"Not only is it a life-saving product, but it also has great market potential," says Geoffrey, who is representing the team for the elevator pitch. "The Heat Wave system does not replace current treatments, but is used in parallel, so it has no direct competition."

The students report tremendous satisfaction knowing that their invention will save lives. Contributions like this are a constant fixture for biomedical engineers, a fact that has helped make careers in Biomedical Engineering one of the top-rated in the United States.

"We all felt that this project offered us a unique opportunity," Walter recalls. "We were able to collaborate with the military to save the lives of our soldiers."


Contact: Christine del Rosario
Stevens Institute of Technology

Related biology news :

1. Nanowire research at Stevens makes cover of Applied Physics Letters
2. Prof. Xiaoguang Meng receives honorary master of engineering from Stevens
3. Stevens and TNO to collaborate on maritime security
4. Stevens team wins First Place in ISPE Student Poster Competition
5. First global conference on systems and enterprises at new Stevens location, Washington, DC, Dec. 3-4
6. Stevens to host 2009 N.J. Inventors Hall of Fame Dinner
7. Stevens hosts Green Building: The Bottom Line, April 8
8. Stevens Center for Science Writings presents: Ravens at the Feast, with Bernd Heinrich, April 1
9. Stevens receives $25,000 grant from the Engineering Information Foundation
10. Stevens strengthens Dominican Republics Early Warning System for Inundations
11. Stevens awarded $1M for advanced biofuels research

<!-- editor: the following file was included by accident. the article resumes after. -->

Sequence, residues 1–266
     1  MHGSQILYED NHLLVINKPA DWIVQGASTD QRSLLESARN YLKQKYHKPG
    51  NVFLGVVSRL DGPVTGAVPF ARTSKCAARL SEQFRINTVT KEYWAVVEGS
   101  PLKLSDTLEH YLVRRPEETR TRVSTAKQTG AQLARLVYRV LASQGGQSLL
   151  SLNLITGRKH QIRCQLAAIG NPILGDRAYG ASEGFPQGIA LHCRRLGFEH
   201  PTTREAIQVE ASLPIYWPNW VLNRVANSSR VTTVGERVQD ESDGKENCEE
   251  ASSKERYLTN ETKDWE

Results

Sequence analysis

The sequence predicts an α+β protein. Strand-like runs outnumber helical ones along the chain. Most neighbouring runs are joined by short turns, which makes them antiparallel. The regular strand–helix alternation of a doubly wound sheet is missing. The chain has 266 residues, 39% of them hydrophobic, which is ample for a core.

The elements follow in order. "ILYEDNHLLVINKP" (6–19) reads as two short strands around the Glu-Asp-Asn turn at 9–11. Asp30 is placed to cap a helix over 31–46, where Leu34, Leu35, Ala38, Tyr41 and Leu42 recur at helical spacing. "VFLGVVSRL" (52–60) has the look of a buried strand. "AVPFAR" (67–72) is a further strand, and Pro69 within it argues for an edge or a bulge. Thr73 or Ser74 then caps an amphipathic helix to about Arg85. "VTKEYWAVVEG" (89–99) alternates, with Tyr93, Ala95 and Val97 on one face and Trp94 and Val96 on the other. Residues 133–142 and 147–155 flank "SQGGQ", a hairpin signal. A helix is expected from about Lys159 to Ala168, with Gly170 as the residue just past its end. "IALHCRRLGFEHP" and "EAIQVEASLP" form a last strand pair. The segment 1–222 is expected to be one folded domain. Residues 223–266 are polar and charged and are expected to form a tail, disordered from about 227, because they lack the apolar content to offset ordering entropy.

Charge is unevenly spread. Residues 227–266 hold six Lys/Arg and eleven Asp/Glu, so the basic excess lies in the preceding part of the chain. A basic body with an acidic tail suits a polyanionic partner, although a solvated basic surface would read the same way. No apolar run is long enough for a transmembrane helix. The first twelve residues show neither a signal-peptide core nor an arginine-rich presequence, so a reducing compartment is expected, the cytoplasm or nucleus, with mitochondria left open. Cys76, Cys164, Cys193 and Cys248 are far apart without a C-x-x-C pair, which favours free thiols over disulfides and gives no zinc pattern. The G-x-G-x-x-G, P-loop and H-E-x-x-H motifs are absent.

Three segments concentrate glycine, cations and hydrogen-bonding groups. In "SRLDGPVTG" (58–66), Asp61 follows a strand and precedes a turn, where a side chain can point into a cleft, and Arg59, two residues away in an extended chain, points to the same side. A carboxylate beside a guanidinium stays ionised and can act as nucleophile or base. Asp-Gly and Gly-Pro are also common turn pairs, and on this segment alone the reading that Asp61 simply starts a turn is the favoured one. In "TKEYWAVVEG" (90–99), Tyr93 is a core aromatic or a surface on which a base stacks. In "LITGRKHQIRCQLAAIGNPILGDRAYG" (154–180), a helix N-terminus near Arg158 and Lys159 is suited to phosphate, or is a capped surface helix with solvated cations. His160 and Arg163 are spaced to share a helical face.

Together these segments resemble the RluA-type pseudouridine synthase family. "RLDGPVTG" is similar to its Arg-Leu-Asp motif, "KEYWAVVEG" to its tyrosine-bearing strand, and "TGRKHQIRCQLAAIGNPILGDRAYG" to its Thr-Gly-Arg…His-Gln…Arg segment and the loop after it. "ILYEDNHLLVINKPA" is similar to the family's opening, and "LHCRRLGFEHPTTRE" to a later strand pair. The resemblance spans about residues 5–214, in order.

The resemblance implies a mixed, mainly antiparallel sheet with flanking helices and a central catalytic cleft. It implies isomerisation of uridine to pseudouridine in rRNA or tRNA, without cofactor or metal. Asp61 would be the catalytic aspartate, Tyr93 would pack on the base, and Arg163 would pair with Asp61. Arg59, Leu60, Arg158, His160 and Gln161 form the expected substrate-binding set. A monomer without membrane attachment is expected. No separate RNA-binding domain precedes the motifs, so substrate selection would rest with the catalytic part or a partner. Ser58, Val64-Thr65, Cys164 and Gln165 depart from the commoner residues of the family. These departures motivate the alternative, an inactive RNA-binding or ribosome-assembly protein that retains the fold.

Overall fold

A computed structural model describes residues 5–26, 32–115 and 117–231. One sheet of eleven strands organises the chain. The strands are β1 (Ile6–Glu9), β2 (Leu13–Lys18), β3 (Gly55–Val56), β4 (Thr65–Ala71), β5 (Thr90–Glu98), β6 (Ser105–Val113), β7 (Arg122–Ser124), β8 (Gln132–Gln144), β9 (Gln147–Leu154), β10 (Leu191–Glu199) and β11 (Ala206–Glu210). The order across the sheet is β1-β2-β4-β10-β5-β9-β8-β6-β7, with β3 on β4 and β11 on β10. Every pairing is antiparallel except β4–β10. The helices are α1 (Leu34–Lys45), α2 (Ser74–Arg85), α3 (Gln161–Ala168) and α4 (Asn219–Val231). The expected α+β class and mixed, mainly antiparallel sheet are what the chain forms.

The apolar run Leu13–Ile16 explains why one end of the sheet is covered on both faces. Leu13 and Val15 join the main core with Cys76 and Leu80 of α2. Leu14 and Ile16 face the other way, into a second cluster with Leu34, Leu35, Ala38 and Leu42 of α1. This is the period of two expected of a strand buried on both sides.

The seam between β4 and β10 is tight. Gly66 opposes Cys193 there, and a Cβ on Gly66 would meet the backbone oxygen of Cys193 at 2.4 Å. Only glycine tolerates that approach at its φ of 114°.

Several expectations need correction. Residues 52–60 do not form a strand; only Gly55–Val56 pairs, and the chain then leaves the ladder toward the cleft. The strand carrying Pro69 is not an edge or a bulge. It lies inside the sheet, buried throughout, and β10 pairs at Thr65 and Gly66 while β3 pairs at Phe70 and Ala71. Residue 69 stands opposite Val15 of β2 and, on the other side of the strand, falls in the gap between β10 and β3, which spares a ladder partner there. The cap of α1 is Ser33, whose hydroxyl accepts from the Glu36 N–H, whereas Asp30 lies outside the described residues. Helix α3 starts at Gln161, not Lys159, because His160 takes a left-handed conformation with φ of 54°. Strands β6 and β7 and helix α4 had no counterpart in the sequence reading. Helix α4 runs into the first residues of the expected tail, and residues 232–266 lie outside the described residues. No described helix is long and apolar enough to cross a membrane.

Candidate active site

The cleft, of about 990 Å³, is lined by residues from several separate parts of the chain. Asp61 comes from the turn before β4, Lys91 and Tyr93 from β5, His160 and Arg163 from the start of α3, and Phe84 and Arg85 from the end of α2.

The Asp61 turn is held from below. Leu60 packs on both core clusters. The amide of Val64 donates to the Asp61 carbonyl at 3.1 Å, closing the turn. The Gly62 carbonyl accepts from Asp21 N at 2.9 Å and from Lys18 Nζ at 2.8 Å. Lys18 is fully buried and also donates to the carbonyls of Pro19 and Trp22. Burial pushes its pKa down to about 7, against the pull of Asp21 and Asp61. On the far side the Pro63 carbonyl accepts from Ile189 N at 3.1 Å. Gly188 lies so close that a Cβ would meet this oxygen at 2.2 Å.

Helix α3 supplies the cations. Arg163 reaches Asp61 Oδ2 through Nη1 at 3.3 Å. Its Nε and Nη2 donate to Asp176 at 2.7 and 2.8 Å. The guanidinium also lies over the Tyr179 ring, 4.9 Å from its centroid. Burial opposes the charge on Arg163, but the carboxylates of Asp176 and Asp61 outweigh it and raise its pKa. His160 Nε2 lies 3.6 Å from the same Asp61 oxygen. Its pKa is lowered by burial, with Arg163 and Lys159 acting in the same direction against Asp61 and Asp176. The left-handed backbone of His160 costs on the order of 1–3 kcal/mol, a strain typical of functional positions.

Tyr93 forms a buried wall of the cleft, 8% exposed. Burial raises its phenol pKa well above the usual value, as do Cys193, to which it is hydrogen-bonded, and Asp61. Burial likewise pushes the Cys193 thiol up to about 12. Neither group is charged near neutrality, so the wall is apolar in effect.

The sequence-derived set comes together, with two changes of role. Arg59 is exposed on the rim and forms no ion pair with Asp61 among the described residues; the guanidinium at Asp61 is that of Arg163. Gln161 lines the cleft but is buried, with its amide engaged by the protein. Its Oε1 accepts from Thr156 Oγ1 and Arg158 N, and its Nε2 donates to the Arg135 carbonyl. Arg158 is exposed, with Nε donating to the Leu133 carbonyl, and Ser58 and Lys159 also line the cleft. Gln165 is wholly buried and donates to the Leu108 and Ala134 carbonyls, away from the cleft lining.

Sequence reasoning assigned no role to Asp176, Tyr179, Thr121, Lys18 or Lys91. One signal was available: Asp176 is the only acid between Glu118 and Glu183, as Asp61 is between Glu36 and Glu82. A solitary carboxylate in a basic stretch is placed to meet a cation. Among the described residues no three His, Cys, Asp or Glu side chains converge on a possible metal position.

Post Your Comments:
(Date:10/29/2015)... 29, 2015 Today, LifeBEAM , ... with 2XU, a global leader in technical performance ... hat with advanced bio-sensing technology. The hat will ... monitor key biometrics to improve overall training performance. ... two companies will bring together the most advanced technology, ...
(Date:10/27/2015)... -- Munich, Germany , October ... automatically maps data from mobile eye tracking videos created ... that they can be quantitatively analyzed with SMI,s analysis ... , October 28-29, 2015. SMI,s Automated Semantic Gaze ... tracking videos created with SMI,s Eye Tracking Glasses ...
(Date:10/26/2015)... India , October 26, 2015 ... --> adds ... 2015 to 2021 as well as ... 2015-2019 research reports to its collection ... . --> ...
Breaking Biology News(10 mins):
(Date:11/24/2015)... ... November 24, 2015 , ... This fall, global software solutions ... in five states to develop and pitch their BIG ideas to improve health and ... are competing for votes to win the title of SAP's Teen Innovator, an all-expenses ...
(Date:11/24/2015)... 2015 --> ... released by Transparency Market Research, the global non-invasive prenatal ... of 17.5% during the period between 2014 and 2022. ... Industry Analysis, Size, Volume, Share, Growth, Trends and Forecast ... market to reach a valuation of US$2.38 bn by ...
(Date:11/24/2015)... Nov. 24, 2015  Twist Bioscience, a company ... Leproust, Ph.D., Twist Bioscience chief executive officer, will ... on December 1, 2015 at 3:10 p.m. Eastern ... City. --> --> ... Twist Bioscience is on Twitter. Sign up to ...
(Date:11/24/2015)... ... November 24, 2015 , ... Creation Technologies ... being named to Deloitte's 2015 Technology Fast 500 list of the fastest growing ... a FDA-cleared, Class II medical device that speeds up orthodontic tooth movement by ...
Breaking Biology Technology: